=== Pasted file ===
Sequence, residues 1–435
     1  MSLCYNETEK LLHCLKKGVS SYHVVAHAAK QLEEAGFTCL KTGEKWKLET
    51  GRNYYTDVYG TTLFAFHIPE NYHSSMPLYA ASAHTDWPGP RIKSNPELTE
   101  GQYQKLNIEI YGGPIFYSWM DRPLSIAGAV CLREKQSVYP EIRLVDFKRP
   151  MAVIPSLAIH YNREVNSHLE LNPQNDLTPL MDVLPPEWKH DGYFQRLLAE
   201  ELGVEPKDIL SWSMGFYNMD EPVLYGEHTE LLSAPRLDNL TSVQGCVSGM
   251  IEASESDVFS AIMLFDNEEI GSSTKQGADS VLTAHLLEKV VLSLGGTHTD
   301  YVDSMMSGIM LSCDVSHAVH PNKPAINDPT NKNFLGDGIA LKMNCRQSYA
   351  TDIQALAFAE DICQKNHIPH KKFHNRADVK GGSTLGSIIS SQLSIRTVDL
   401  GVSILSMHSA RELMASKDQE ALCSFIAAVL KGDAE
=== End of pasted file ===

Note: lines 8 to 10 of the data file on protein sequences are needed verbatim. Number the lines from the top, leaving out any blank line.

   301  YVDSMMSGIM LSCDVSHAVH PNKPAINDPT NKNFLGDGIA LKMNCRQSYA
   351  TDIQALAFAE DICQKNHIPH KKFHNRADVK GGSTLGSIIS SQLSIRTVDL
   401  GVSILSMHSA RELMASKDQE ALCSFIAAVL KGDAE